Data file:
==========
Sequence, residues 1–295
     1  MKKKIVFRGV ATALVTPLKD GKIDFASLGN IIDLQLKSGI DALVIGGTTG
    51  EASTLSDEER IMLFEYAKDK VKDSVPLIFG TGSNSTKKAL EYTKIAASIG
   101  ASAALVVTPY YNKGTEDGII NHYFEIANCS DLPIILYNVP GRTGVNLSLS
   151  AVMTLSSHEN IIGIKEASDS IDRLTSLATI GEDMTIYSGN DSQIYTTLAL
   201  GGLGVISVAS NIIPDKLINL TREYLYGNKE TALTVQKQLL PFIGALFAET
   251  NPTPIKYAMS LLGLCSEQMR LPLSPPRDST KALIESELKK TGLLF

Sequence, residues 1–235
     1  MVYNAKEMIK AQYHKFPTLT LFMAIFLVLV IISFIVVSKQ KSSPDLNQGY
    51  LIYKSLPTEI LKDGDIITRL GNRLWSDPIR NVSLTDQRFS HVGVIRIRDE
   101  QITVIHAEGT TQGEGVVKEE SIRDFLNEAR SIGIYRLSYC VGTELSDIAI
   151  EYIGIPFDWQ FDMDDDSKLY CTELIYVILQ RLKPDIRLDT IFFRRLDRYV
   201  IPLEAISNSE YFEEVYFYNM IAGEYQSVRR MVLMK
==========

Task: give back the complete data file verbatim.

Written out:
Sequence, residues 1–295
     1  MKKKIVFRGV ATALVTPLKD GKIDFASLGN IIDLQLKSGI DALVIGGTTG
    51  EASTLSDEER IMLFEYAKDK VKDSVPLIFG TGSNSTKKAL EYTKIAASIG
   101  ASAALVVTPY YNKGTEDGII NHYFEIANCS DLPIILYNVP GRTGVNLSLS
   151  AVMTLSSHEN IIGIKEASDS IDRLTSLATI GEDMTIYSGN DSQIYTTLAL
   201  GGLGVISVAS NIIPDKLINL TREYLYGNKE TALTVQKQLL PFIGALFAET
   251  NPTPIKYAMS LLGLCSEQMR LPLSPPRDST KALIESELKK TGLLF

Sequence, residues 1–235
     1  MVYNAKEMIK AQYHKFPTLT LFMAIFLVLV IISFIVVSKQ KSSPDLNQGY
    51  LIYKSLPTEI LKDGDIITRL GNRLWSDPIR NVSLTDQRFS HVGVIRIRDE
   101  QITVIHAEGT TQGEGVVKEE SIRDFLNEAR SIGIYRLSYC VGTELSDIAI
   151  EYIGIPFDWQ FDMDDDSKLY CTELIYVILQ RLKPDIRLDT IFFRRLDRYV
   201  IPLEAISNSE YFEEVYFYNM IAGEYQSVRR MVLMK